where manufacturing jobs in canada are headed

According to a report, it’s been the worst year for Canadian manufacturers since the Great Recession of 2008. Significant reliance on an in-person workforce and often complex supply chain has led to production restrictions and in other cases, closures for manufacturers across the country. While these are undoubtedly significant challenges to overcome, there are opportunities for both employees and manufacturing companies alike, especially those companies who understand the need to pivot and innovate. For instance, a number of Canadian manufactures from a variety of sectors (medical supply, automotive, garment, food and beverage) altered their facilities to produce in-demand products like hand sanitizers, medical scrubs, and ventilators. Not only does this benefit workers by increasing the demand for talent, but it also provides them with a unique opportunity to learn new skills. As restrictions across the country continue to loosen, expertise on adapting new workplace health and safety measures will be of critical importance, especially in manufacturing facilities where close contact with coworkers is often unavoidable.

1. welder

Welder holds onto the top spot on the list of in-demand manufacturing jobs for the fourth year in a row. For decades young workers have been shying away from jobs perceived as 'blue collar' such as welding. As a result, there aren't enough talented welders to meet employer demand. A certification or experience with MIG or TIG welding can further increase your employability and earning potential in this already in-demand field.

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2. millwright

Millwright moves up one spot from last year to claim the title of second most in demand skilled trades job. Millwrights are experts in the machinery and mechanical equipment used in manufacturing plants and factories. They install, assemble, repair and otherwise maintain mechanical equipment. Unlike machinists, millwrights don't operate the equipment. Their role is more to ensure that it runs smoothly and to troubleshoot any issues.

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3. machine operator

Machine operators, also sometimes known as tool and die operators or machinists, work with heavy machinery to fabricate items in a manufacturing setting. They may specialize in a specific machine, or work on a variety of machines. This role is closely related to CNC machinist, but with more focus on mechanical operation and less emphasis on programming.

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4. assembler

Assemblers are a fairly entry level role in the manufacturing sector. Their job is exactly what it sounds like: they assemble parts, typically as part of a production line on a manufacturing floor. During the COVID-19 pandemic, the surge in demand for essential goods, coupled with restrictions on how many workers could be present on worksites put pressure on manufacturers. Skilled assemblers allow manufacturers to maximize output.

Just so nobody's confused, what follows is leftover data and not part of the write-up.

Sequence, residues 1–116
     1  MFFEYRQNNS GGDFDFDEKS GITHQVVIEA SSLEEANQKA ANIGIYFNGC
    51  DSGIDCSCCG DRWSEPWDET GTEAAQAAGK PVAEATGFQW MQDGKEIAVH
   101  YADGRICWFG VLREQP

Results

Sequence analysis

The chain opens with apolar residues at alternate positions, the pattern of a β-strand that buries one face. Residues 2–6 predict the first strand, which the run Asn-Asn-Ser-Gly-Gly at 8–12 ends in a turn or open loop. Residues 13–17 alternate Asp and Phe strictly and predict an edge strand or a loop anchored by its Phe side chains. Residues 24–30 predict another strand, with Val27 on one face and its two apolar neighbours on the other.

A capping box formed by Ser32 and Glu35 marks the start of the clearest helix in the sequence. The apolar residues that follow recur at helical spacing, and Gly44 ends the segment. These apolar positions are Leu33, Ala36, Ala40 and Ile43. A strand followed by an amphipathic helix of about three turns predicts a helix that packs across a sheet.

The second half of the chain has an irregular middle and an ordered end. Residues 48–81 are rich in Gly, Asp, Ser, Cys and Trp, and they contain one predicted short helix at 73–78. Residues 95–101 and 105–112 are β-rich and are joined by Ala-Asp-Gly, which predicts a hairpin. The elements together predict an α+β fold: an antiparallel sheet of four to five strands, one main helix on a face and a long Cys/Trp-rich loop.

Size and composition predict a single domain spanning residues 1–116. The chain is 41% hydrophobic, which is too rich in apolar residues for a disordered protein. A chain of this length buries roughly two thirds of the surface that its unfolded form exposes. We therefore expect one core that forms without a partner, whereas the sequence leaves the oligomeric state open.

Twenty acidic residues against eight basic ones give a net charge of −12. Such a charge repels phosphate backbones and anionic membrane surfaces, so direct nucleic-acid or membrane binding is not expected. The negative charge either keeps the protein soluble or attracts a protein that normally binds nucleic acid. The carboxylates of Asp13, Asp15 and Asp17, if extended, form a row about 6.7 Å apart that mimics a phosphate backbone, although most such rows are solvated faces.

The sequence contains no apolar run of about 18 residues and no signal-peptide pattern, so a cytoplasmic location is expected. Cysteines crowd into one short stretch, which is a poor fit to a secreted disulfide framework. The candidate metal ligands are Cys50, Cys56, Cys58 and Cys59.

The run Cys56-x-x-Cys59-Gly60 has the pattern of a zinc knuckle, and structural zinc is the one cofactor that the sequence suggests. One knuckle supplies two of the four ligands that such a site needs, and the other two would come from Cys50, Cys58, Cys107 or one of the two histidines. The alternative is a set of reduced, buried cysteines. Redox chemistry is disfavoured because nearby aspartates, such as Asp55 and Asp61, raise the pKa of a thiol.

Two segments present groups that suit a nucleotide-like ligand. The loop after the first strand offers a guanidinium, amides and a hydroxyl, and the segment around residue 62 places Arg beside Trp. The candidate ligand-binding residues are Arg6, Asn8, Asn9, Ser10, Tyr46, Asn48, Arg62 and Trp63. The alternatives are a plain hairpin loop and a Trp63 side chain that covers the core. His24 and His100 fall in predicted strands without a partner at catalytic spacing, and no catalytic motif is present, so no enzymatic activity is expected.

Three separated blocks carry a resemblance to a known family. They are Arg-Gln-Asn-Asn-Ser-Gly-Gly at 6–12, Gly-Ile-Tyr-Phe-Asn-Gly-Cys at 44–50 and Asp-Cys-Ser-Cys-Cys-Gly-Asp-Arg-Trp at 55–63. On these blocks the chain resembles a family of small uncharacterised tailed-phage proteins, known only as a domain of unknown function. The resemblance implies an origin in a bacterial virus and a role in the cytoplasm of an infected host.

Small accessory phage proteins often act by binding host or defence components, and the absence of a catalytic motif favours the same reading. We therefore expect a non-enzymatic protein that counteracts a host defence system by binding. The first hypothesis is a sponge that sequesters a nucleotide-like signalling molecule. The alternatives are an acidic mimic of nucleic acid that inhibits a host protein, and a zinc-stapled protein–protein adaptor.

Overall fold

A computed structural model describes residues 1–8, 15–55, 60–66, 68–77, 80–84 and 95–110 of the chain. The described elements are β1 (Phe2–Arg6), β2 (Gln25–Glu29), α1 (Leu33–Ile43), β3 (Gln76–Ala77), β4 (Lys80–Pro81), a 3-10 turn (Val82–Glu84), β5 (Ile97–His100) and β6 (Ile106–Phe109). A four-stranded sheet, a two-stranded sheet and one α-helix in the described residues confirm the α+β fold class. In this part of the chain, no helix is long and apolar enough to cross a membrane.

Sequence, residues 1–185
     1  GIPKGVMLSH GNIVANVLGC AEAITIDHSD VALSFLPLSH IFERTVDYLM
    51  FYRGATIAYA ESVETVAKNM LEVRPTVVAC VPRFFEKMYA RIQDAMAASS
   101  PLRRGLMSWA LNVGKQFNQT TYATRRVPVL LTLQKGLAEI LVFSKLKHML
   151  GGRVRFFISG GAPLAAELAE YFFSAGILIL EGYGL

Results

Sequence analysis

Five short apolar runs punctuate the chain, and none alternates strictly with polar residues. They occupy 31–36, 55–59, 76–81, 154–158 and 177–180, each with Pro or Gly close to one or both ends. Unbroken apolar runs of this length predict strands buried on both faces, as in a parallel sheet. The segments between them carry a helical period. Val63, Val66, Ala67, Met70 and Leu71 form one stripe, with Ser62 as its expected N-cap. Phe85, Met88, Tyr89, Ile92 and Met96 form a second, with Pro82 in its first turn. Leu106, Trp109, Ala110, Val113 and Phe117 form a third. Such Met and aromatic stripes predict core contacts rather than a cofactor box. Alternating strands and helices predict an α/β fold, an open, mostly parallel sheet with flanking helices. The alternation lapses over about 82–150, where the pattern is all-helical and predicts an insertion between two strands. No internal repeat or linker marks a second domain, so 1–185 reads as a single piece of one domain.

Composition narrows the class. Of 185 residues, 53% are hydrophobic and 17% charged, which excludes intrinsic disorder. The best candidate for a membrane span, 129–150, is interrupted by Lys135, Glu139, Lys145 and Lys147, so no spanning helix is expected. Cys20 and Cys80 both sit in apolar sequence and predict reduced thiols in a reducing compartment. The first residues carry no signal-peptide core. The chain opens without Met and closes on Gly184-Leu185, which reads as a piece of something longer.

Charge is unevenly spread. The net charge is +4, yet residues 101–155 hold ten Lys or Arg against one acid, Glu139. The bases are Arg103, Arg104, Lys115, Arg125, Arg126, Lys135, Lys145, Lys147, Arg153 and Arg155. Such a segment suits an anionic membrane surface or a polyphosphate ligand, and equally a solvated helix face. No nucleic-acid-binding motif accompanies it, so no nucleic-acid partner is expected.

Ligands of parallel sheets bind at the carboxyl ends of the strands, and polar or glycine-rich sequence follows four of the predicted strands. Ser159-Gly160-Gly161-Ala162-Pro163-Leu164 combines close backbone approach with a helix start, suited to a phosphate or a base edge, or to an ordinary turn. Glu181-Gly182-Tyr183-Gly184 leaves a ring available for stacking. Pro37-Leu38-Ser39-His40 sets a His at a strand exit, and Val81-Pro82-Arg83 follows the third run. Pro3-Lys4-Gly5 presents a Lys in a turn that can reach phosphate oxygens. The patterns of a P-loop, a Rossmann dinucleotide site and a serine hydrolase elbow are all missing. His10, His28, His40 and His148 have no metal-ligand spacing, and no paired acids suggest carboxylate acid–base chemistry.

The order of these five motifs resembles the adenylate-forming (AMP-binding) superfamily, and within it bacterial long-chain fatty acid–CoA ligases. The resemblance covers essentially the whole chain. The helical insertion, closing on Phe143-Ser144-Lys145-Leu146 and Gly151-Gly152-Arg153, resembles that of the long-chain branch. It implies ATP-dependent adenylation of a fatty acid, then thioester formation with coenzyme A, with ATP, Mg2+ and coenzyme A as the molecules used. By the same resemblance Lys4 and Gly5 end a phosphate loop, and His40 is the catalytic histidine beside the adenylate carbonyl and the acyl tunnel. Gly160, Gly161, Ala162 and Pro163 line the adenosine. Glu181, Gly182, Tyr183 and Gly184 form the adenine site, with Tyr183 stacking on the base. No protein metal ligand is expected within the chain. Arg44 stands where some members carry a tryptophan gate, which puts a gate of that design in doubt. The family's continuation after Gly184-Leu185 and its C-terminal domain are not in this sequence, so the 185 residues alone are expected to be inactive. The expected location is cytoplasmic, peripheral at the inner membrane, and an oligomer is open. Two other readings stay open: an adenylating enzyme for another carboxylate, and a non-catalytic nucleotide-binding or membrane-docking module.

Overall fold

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5. production supervisor

Production supervisor is up one spot from last year. Also called operations supervisor, production supervisors are typically responsible for overseeing a production team in the manufacturing sector. They organize staff, equipment and processes, ensuring the production floor runs like a well-oiled machine. As first-line managers, production supervisors play a crucial role in keeping manufacturing operations running smoothly through the pandemic despite restrictions on workers and increased demand.

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6. heavy duty mechanic

Heavy duty mechanics are specialists who focus on repairing and maintaining industrial machinery and equipment, most frequently in the manufacturing or construction sectors, though they may work in any field where operating large mechanical equipment is a prerequisite. During the pandemic, they have the important roles of ensuring manufacturing machinery, which is running around the clock, continues to operate smoothly.

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7. automotive technician

Automotive technicians are similar to mechanics in that they work on the upkeep of cars and other vehicles. However unlike mechanics, automotive technicians typically focus on the technical, computer-related aspects of your car, rather than the repair and maintenance of mechanical parts. As cars become increasingly complex and integrated with technology, it makes perfect sense the demand for automotive technicians is growing as well.

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8. electro mechanic

Electro mechanics are a cross between electricians and mechanics. They combine their knowledge of electrical systems with their knowledge of the inner workings of machinery. They often work in the manufacturing sector producing goods such as computer parts, though they may work in aerospace, energy or other sectors as well.

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in-demand manufacturing skills

in-demand certifications in manufacturing